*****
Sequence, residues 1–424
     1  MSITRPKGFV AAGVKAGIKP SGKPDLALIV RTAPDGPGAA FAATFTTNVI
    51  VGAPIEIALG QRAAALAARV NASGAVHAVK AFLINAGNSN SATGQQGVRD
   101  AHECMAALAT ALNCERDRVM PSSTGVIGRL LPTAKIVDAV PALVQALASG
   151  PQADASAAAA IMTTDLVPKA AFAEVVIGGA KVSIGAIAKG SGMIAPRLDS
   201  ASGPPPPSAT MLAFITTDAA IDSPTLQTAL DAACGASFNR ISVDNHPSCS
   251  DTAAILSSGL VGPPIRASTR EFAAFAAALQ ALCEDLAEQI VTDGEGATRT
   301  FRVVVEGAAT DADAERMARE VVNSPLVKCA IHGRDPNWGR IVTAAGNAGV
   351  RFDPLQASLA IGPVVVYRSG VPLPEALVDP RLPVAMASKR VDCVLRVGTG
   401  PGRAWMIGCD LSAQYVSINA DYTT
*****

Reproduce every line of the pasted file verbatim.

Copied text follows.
Sequence, residues 1–424
     1  MSITRPKGFV AAGVKAGIKP SGKPDLALIV RTAPDGPGAA FAATFTTNVI
    51  VGAPIEIALG QRAAALAARV NASGAVHAVK AFLINAGNSN SATGQQGVRD
   101  AHECMAALAT ALNCERDRVM PSSTGVIGRL LPTAKIVDAV PALVQALASG
   151  PQADASAAAA IMTTDLVPKA AFAEVVIGGA KVSIGAIAKG SGMIAPRLDS
   201  ASGPPPPSAT MLAFITTDAA IDSPTLQTAL DAACGASFNR ISVDNHPSCS
   251  DTAAILSSGL VGPPIRASTR EFAAFAAALQ ALCEDLAEQI VTDGEGATRT
   301  FRVVVEGAAT DADAERMARE VVNSPLVKCA IHGRDPNWGR IVTAAGNAGV
   351  RFDPLQASLA IGPVVVYRSG VPLPEALVDP RLPVAMASKR VDCVLRVGTG
   401  PGRAWMIGCD LSAQYVSINA DYTT